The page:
This Week in the News…

Posted: August 9, 2002 at 1:00 am, Last Updated: November 30, -0001 at 12:00 am

Following are highlights of national news coverage George Mason received during the past week:

Friday, August 2, Wall Street Journal

Options? Nah, Try Insider Trading

By Henry G. Manne, dean emeritus of the George Mason University School of Law

“If insider trading were legal and used to replace or supplement stock options, there would be no ‘tragedies’ of employees being left high and dry with options way out of the money. There would be no loss of reward when an innovation merely resulted in a reduction of an expected loss. There would be no unearned gain because a company’s stock appreciated in line with a market or industry rise. And there would be no peculiar problems of accounting since such trading would be entirely extraneous to the company’s accounts…. There is no reason to believe that U.S. corporations are incapable of designing workable and safe programs of insider trading. All we have to do is make the present laws optional.”

Saturday, August 3, Times-Picayune

Artist Renders a News Reporter on Canvas for Exhibit Opening Tonight

Connie Kirkland, sexual assault service coordinator at George Mason University in Fairfax, Va., said that TV news-workers’ visibility, accessibility and practiced likeability make them targets for unhinged fans. TV news’ emphasis on a cosmetically pleasing presentation also encourages unwanted attention from some unstable viewers, she added. ‘The stalker misreads cues, comments and looks because he wants there to be a connection so badly,’ said Kirkland in the Communicator story. ‘It’s a combination of perception, accessibility and fantasy. When you get that combination going, trouble starts.'”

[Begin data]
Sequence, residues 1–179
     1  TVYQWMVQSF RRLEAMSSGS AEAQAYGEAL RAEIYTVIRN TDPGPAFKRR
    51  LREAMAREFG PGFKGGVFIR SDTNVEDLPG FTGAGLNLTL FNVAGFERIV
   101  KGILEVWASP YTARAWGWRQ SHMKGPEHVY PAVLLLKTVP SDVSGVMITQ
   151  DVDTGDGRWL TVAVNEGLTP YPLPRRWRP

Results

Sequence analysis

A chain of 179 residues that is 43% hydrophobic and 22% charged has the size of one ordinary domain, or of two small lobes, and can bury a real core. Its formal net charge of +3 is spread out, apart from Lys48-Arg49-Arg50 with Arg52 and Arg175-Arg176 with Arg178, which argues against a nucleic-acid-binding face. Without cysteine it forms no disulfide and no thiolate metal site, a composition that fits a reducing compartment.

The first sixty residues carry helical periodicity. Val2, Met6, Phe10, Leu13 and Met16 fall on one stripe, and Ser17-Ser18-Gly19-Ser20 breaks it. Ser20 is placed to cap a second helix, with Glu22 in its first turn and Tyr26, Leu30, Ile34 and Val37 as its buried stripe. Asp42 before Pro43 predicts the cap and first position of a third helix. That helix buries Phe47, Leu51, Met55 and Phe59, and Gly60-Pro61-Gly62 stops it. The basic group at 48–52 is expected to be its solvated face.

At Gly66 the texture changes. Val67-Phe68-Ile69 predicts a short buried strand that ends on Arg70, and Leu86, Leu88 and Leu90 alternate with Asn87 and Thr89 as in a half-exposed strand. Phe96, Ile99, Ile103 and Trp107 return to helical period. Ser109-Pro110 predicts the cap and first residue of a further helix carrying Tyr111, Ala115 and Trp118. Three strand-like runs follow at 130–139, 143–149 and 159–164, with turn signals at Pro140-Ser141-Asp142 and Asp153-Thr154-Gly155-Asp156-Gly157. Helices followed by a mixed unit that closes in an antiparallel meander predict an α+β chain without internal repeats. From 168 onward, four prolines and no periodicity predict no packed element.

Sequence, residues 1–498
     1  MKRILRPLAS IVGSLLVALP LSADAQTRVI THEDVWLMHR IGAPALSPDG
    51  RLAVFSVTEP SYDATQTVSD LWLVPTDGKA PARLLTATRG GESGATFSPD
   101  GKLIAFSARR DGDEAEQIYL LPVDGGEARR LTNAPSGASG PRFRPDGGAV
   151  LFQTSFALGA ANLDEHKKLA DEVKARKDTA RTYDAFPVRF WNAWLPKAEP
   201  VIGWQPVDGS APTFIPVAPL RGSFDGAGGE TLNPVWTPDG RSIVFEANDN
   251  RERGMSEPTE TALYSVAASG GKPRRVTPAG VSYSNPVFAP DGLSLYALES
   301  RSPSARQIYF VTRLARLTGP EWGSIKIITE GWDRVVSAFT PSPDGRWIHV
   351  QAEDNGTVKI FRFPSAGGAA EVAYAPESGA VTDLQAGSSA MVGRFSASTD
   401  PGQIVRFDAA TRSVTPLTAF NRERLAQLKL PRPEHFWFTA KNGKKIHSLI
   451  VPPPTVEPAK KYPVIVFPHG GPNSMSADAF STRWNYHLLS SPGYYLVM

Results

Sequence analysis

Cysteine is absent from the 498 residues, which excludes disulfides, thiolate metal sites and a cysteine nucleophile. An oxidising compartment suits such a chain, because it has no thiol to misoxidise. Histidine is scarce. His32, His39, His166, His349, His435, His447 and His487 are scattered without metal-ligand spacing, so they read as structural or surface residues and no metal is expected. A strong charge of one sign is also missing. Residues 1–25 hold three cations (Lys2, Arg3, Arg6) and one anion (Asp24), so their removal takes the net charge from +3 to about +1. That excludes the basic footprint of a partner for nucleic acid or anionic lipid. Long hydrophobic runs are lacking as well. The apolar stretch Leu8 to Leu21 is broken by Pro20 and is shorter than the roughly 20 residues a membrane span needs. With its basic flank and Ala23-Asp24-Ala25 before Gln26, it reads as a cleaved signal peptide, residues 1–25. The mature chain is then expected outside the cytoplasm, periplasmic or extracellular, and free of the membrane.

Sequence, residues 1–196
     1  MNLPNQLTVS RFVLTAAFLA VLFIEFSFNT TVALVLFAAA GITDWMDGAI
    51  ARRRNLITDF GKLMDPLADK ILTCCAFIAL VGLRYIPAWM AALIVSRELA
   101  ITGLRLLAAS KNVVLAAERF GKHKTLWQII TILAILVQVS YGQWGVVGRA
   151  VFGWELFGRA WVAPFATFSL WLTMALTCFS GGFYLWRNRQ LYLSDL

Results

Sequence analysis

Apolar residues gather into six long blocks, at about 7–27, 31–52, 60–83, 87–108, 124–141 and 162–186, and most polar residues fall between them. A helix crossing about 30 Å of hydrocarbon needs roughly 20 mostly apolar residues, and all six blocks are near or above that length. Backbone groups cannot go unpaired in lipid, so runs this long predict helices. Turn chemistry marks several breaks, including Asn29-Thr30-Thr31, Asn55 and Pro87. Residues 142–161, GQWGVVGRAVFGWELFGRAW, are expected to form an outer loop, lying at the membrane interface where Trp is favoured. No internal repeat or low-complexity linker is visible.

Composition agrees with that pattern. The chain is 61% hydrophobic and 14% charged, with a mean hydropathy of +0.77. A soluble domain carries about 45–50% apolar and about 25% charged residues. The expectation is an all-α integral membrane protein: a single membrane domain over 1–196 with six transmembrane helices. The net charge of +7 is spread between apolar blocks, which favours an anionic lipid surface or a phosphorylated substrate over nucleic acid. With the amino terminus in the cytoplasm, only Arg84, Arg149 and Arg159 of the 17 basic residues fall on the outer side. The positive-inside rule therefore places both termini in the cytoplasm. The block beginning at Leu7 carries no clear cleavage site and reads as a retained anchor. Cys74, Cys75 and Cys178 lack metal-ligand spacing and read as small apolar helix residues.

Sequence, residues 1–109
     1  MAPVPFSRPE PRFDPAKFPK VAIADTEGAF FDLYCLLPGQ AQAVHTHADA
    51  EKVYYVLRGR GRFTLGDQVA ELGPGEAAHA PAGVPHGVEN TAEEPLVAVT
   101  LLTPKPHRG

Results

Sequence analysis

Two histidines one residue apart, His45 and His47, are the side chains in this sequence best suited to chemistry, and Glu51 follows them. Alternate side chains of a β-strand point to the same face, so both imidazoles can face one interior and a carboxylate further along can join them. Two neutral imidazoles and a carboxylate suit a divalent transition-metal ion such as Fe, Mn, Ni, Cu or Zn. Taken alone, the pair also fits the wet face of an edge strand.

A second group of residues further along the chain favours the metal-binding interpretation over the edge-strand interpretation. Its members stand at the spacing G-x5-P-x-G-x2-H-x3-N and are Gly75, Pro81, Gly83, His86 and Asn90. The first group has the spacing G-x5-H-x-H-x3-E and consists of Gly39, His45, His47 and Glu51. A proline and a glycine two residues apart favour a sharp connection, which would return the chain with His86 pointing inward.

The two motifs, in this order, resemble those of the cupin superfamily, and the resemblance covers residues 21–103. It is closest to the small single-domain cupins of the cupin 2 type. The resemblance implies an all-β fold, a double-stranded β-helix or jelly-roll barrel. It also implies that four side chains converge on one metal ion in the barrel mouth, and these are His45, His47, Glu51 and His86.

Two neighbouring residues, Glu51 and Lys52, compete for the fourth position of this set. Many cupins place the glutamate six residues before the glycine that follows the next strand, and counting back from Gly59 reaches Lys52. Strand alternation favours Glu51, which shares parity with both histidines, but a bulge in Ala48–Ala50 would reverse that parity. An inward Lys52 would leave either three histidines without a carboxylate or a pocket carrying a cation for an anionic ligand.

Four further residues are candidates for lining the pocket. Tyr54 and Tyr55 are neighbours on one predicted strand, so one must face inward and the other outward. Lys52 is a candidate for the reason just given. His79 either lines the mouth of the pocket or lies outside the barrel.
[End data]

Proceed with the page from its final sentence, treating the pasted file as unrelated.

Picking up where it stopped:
Sunday, August 4, New York Times

Tests Are Not Just for Kids

George Mason University in Fairfax, Va., used a standardized commercial exam to measure technological proficiency while the University of Virginia devised its own test on skills like Internet research and Palm Pilot use.”

Photo: “George Mason University tested students on their technological know-how this spring. A systemwide report card is posted online.”

Monday, August 5, U.S. News & World Report Washington Whispers

“‘They’ll have a lot of fond memories of the days when they thought they were rich.’–Todd Zywicki, George Mason University law professor, on what the future holds for WorldCom’s shareholders”

Monday, August 5, Grand Rapids Press

A New Rush to Law Schools and Jobs With Uncle Sam

“As corporate frauds increase, corporate hires decrease, and the stock market declines, law schools are reporting record numbers of applicants from a variety of educational and career specialties…. George Mason University Law School in Fairfax, Va., a suburb of the nation’s capital, reports that the biggest concentration among the new applicants appears to be in intellectual property law, technology law and patent law. Overall applications are currently at 4,383, a 63 percent increase over last year.”

Tuesday, August 6, Associated Press Newswires

Effort Under Way to Protect Northern New Mexico Ruins

James Snead, an archaeology professor at George Mason University in Virginia, spent several weeks at a site called Burnt Corn off N.M. 14, and hopes [Sen. Jeff] Bingaman’s bill will help increase archaeologists’ access to the many sites owned by private landowners. ‘Every archaeologist you talk to will tell you of the importance of the Galisteo Basin, but at the same time, they will scratch their heads and wonder why there isn’t more research in the area,’ Snead said.”

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